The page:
The life of the Ogallala Aquifer could be extended several decades, but only if water usage is reduced, a four-year study by researchers from Kansas State University found.
“There is going to be agriculture production in Kansas and corn production and cattle production really for the foreseeable future,” David Steward, lead author of the study, said in an interview last week.
But without conservation, he said, “the future is bleak.”
The aquifer yields 30 percent of the nation’s irrigated groundwater, the study said. It could last until 2110 or longer if farmers were to cut 20 percent of their usage or more beginning now. But that would reduce agriculture production to the levels of 15 or 20 years ago.
Kansas alone pumped 1.3 trillion gallons in 2011, more than enough to fill Lake Okeechobee, the huge lake in Florida.
The study was done because there are a lot of questions about “how long can we pump and how long it will take to recharge the aquifer if depleted,” Steward said.
The study determined it would “take in the neighborhood of 500 to 1,300 years to recharge the aquifer” in western Kansas, Steward said.
Water from the aquifer lies under 175,000 square miles in Kansas, Nebraska, South Dakota, Colorado, Oklahoma, Texas, Wyoming and New Mexico. The aquifer first began declining in the 1960s because of irrigation needs.
At the current rate, the aquifer will be 70 percent depleted by 2060, according to the study.
Kansas in recent years has begun trying to come up with ways to keep the lake recharging at a rate that doesn’t allow the resource to dry up.
In 2012, Gov. Sam Brownback sponsored special legislation that permits groups of farmers and producers within a groundwater management district to implement their own conservation plans.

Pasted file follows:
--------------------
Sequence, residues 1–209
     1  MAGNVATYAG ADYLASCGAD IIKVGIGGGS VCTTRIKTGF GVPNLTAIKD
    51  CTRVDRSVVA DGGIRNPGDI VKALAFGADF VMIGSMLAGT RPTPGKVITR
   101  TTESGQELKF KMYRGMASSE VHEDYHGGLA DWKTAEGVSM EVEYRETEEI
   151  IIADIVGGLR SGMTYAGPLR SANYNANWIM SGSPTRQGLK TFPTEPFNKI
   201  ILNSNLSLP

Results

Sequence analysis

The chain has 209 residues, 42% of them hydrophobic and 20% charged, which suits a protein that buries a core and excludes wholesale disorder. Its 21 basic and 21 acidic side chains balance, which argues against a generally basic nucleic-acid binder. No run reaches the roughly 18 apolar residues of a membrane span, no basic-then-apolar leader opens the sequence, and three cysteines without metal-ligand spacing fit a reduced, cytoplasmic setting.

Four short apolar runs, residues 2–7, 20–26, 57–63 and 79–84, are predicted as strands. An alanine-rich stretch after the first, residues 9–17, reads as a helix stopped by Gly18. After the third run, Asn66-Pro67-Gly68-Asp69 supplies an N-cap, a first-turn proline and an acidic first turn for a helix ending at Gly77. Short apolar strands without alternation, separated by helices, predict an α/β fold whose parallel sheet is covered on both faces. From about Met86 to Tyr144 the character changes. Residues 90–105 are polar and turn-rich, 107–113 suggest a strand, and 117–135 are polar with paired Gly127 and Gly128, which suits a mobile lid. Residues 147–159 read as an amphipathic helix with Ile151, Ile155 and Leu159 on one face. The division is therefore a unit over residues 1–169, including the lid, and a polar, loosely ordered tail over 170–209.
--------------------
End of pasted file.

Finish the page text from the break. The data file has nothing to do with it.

Some farmers supported the legislation strongly because they knew that if they didn’t “they are going to lose their opportunity to irrigate totally,” said Terry Vinduska, a Marion corn farmer. “That will leave them in the desert.”
This spring a group of farmers in northwest Kansas, taking advantage of the state legislation, voluntarily agreed to reduce their water use by 20 percent over the next five years. Their area covers 99 square miles.
It was a difficult task getting all farmers who own land within that area to agree on ways to conserve, said Wayne Bossert, manager of Groundwater Management District 4 in Colby.
“It’s not perfect the way we did it,” Bossert said. “Most agreed. Not everybody was in favor. But it was a strong super-consensus that this proposal be submitted.”
So far they are the only ones to do so, but other western Kansas farmers are watching, Bossert said.
The state approved the plan, which now affects all farmers in that area, including portions of Sheridan and Thomas counties.
Drought and the planting of more cropland have increased the amount of water drawn from the aquifer, so the economic impact of water reduction is a major concern. But farmers are aware that if they use up the resource, their children and grandchildren will be hurt, said Aaron Harries with Kansas Wheat, which includes the Kansas Wheat Growers Association.
“It is a forward-thinking decision and a long-term decision where you have to think about future generations wanting to use that water,” Harries said. “But it is a difficult decision to cut back on that water, especially with summers like we had in western Kansas this year. That water can be the difference between making a crop and not making a crop.”
Nebraska already has taken action. A decade ago, the state legislature decided to conserve because 90 percent of the drinking water comes from the aquifer, said Doug Anderson, Keith County extension educator.
“Water is a touchy subject,” Anderson said. “Most of the farmers understand we can’t go back to the ’60s, ’70s and ’80s and dig a hole in the ground and pump as much as we want. Water is a big topic and is going to continue to be a big topic, especially if the world population keeps going up the way it is.”
The K-State study warned that farmers needed to act quickly to conserve water.
“Society has an opportunity now to make changes with tremendous implications for future sustainability and livability,” Steward wrote in the study. “The time to act will soon be past.”